MetLife: Boomers “Retiring in Droves,” 11% Headed to Active Adult Communities

Despite a commonly-held thought that the baby boomer generation will need to “work forever” because of financial insecurity, a 2011 MetLife Mature Market Institute study found that boomers are actually “retiring in droves,” and gives some insight on where this generation is living in retirement. Hint: Staying at home still rules, but active adult communities are gaining in popularity.

Many of the oldest boomers are already well into their retirement phase, with almost twice as many 65-year-olds saying in 2011 they were fully retired as opposed to working full-time, at 45% to 24%, according to MetLife data. About a third of those still working anticipate retiring within the coming year once they turn 66 and are eligible for full Social Security retirement benefits.

And although health is a major factor in someone’s decision to retire earlier than expected, a majority of those surveyed reported good health. This may contribute to the oldest Boomers continuing to push back the age at which they view themselves as “old”—not until they’re 79, a year older than in 2007.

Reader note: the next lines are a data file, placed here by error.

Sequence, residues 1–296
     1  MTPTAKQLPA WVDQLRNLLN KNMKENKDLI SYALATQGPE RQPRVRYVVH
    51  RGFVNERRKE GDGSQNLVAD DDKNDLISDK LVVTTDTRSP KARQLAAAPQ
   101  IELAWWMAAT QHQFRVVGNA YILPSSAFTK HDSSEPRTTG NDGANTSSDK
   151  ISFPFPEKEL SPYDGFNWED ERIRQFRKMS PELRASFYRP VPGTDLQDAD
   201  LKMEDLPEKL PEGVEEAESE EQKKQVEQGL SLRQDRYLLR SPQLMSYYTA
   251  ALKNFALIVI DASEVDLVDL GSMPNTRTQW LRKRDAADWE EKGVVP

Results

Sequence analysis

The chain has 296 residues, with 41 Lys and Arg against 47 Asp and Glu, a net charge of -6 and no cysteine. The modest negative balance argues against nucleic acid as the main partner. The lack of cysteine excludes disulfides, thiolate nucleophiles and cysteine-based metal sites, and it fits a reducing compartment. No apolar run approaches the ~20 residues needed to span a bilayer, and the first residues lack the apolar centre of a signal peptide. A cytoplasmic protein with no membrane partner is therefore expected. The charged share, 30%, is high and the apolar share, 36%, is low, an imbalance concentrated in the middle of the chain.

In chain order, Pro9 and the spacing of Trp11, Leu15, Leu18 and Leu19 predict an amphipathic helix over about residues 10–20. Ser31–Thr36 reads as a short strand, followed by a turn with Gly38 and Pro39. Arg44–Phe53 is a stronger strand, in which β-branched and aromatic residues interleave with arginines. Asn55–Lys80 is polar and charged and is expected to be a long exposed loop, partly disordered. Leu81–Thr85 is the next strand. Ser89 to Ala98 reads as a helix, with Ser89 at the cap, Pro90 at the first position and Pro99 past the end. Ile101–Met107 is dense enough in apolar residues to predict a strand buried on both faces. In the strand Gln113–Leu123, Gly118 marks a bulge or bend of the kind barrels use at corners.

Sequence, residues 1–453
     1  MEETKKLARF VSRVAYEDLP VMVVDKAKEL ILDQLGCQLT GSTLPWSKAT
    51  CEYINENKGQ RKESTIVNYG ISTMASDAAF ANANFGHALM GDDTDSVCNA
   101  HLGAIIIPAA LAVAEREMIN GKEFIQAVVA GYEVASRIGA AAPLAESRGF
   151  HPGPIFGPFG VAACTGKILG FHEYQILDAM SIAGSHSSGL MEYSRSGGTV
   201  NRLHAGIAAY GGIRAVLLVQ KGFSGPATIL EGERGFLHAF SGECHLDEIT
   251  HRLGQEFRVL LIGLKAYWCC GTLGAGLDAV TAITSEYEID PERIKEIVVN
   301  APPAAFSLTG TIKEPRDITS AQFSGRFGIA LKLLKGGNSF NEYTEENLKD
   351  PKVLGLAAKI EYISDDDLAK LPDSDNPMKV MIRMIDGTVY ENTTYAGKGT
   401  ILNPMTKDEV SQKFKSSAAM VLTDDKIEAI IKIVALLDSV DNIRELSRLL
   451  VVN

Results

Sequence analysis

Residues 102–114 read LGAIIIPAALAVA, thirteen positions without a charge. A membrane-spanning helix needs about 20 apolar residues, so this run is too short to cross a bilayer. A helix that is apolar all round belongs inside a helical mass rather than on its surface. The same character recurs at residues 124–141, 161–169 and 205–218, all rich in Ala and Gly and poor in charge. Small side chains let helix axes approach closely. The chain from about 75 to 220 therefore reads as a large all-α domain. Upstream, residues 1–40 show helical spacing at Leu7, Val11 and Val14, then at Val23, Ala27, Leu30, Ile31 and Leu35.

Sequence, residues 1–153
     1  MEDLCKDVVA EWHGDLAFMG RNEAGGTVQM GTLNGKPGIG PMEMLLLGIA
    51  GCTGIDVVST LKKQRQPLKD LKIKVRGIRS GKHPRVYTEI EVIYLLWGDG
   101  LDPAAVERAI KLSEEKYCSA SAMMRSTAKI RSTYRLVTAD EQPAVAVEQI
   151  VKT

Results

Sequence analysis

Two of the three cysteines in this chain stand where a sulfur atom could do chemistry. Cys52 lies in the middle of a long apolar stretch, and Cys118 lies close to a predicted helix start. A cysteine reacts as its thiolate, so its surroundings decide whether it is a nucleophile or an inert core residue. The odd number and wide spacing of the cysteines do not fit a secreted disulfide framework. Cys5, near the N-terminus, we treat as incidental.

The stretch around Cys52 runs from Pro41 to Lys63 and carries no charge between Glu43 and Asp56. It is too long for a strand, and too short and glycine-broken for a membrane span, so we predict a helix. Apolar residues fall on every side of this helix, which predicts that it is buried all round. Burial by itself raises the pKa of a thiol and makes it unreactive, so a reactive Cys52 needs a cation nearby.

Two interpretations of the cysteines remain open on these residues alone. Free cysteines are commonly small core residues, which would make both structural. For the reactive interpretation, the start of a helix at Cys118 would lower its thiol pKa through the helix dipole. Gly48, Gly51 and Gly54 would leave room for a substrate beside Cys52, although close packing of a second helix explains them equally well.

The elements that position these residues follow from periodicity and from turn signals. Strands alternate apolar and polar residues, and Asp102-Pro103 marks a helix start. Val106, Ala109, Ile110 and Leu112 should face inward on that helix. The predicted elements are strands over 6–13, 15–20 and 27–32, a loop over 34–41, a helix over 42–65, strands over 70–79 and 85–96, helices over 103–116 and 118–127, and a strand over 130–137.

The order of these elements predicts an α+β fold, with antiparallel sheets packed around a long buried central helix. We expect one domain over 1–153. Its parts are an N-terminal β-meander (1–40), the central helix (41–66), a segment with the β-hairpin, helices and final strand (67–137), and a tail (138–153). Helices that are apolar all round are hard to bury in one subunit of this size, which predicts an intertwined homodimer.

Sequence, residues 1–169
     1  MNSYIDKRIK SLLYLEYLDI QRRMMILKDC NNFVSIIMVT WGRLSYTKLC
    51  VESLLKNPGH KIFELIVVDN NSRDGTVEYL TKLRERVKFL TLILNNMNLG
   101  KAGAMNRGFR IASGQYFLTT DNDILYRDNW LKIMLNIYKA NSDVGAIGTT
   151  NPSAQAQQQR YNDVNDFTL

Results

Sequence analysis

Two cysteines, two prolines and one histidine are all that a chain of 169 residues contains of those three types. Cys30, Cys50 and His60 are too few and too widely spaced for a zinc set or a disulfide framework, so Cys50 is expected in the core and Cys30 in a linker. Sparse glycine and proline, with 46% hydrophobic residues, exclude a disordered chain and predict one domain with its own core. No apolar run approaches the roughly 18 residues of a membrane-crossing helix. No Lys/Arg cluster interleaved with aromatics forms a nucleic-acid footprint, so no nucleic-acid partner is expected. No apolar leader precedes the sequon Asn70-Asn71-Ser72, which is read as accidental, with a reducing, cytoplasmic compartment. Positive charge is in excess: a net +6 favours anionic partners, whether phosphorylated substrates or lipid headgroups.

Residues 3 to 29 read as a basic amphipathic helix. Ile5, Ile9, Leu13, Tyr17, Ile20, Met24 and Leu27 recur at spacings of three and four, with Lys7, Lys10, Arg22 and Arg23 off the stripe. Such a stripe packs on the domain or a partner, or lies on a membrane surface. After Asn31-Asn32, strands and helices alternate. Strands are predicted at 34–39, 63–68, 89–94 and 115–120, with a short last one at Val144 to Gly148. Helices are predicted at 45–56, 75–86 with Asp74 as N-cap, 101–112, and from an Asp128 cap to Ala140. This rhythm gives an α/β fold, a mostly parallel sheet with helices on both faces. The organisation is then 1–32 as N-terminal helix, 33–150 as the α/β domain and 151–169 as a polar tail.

After Retiring, Where are They Living?

Almost all respondents, at 93%, currently own their homes—significantly higher than 2008’s 85%, MetLife data shows. On average, those homes are valued at approximately $255,000. In 2008, the average reported home value was approximately $269,000, and the troubled housing market is still affecting some re-contacted survey respondents, 17% of whom reported a decrease in their home price compared to last year. Only 5% reported an increase in value.

While 26% said they had no concerns regarding retirement, 18% listed “having enough money” as their biggest concern, while another 18% were split evenly between concerns of outliving retirement money and being able to afford health care in retirement years.


This may have something to do with the vast majority of new, 2011 survey respondents, at 83%, who have no plans to move from their current residence—a significantly higher number than in previous years (78% had no plans to move in 2008, compared to 75% in 2007), says MetLife.


Source: MetLife Mature Market Institute

Only 16% of respondents in 2011 are planning to move from their current residence, with 10% planning on moving within the next five years, and the remaining planning to move in five years or more. More than half are looking to downsize to a smaller home, while 11% are off to active adult communities, up from 9% in 2008.

View the whole “Transitioning into Retirement” report here.

Written by Alyssa Gerace

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